Багатство і престиж 15/11/2011Posted by brendan in Avions, Trains et Voitures, Leçons Culturelles.
Tags: Andriyivskyy Descent, Czarina Elizabeth, history, kiev, kyiv, Mikhail Bulgakov, montmartre, paris, Place du Tertre, podil, St. Andrew's, tourism, travel, ukraine, ussr, walks, wandering
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Come see The Montmartre of Kyiv! Whichever enterprising copywriter conceived that golden gem must have a monument raised in their honor. What else but brilliant advertising could convince the touring masses of the world to slip and stumble along cracked cobblestones down a street of dust and unsavory characters?
Politicians responded with a funicular to spare the overfed any exercise climbing Andriyivskyy Descent. Public works of yesterday which civilized this sharp slope with a winding road cannot keep up with the growing monied masses, and Kyiv would like more monied masses please. Buildings which have been sagging since the neighborhood began in the 17th century are swaddled in scaffolding. Plans have been made to install glistening concrete sidewalks. Soon the small cafes will expand and add neon to their windows, the boutiques will hire English-speaking students and death squads will cart dog carcasses to the incinerators. (more…)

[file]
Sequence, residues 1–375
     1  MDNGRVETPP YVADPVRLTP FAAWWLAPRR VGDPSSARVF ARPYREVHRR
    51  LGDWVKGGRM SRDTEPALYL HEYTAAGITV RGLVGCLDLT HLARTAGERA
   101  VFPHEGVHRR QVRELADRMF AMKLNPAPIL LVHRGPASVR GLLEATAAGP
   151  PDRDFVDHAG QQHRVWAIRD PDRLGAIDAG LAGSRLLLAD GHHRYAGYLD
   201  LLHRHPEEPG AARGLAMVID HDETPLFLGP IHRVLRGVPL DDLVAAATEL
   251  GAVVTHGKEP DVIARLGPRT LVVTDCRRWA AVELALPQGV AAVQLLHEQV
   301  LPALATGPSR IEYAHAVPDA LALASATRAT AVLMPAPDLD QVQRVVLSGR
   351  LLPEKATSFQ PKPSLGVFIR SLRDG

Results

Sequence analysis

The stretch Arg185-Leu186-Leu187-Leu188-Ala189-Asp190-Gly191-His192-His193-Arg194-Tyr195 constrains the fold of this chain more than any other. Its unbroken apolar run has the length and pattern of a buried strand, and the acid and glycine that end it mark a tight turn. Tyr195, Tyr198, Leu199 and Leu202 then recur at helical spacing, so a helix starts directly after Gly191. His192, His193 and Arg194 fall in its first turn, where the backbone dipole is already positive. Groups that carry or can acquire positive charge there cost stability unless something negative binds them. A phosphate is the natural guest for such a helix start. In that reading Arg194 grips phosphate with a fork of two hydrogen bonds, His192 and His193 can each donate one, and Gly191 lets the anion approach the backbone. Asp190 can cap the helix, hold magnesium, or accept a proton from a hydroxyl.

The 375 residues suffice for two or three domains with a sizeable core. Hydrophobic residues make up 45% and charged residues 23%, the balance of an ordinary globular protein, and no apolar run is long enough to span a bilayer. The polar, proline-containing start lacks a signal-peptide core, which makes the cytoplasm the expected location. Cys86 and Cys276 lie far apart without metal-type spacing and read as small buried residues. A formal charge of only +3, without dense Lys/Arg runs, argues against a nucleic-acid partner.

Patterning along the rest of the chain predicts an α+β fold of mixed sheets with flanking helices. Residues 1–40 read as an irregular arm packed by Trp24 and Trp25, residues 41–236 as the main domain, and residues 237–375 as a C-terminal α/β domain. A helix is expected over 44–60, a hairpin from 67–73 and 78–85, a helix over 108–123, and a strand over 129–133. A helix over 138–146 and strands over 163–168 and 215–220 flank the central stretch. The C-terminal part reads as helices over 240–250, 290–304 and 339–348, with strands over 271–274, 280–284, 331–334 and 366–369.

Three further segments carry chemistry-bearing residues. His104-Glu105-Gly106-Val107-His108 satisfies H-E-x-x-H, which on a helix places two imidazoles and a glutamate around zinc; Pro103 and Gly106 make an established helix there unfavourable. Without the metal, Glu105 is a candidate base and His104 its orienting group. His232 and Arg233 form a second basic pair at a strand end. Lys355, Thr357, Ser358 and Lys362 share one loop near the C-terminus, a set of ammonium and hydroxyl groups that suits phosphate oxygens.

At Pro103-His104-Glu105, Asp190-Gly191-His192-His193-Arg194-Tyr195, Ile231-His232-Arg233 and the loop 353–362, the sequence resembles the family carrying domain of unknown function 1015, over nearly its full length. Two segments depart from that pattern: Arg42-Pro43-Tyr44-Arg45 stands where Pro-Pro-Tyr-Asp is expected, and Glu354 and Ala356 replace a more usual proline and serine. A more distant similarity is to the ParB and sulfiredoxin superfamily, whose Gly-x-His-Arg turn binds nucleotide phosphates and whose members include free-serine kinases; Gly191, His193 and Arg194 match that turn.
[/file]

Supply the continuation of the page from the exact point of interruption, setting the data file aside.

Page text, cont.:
Голодомор 04/07/2011Posted by brendan in Avions, Trains et Voitures, Leçons Culturelles.
Tags: agriculture, collectivization, communism, economics, famine, genocide, history, holodomor, kiev, kyiv, pechersk lavra, politics, stalin, tourism, travel, ukraine, ussr, vichnoyi slavy, walks, wandering
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Gilded domes swam in the pastel horizon, a suspended backdrop for obelisks and towers. Vichnoyi Slavy Park had been ransacked by Disney prospectors intent on contorting accepted standards of perspective. The cluster of monuments, basking in a rolling sea of lawns manicured by legions of Scottish groundskeepers welcomes you as an amusement park and leaves you reeling from the price of admission.
Walkways ran thick as people dared the approaching tempest to steal what sun pierced blackening clouds. Visitors were casual, staving off heat exhaustion with shorts and summer dresses, but none violated the carefully cultivated grass. Considering the gravity of our surroundings adherence to rules as submission to respect was sensible, yet no reverence was paid to any of the edifices and conversation wasn’t a somber affair. Abandon walkways and sculpted concrete benches at your own peril. Cops at Le Jardin du Luxembourg would agonize over disturbing a picnic before gently chastising offenders. It was anyone’s guess what cops in Kyiv would do.
Tourists come to gape at Pechersk Lavra, an enclave of Eastern-Orthodox churches complimenting the network of caves which have served as a monastery since the 11th century. St. Anthony accidentally founded an ascetic movement upon returning home from Greece. His teachings inspired disciples to invade his subterranean warren. His attempts at pious isolation drove him down river to build a new underground habitat, but the zealous adoration of acolytes led to architects being brought in from Constantinople who littered the land with temples. Today relics and the mummified remains of notables relent to the scrutiny of paying guests willing to adopt the appropriately misogynistic attire. (more…)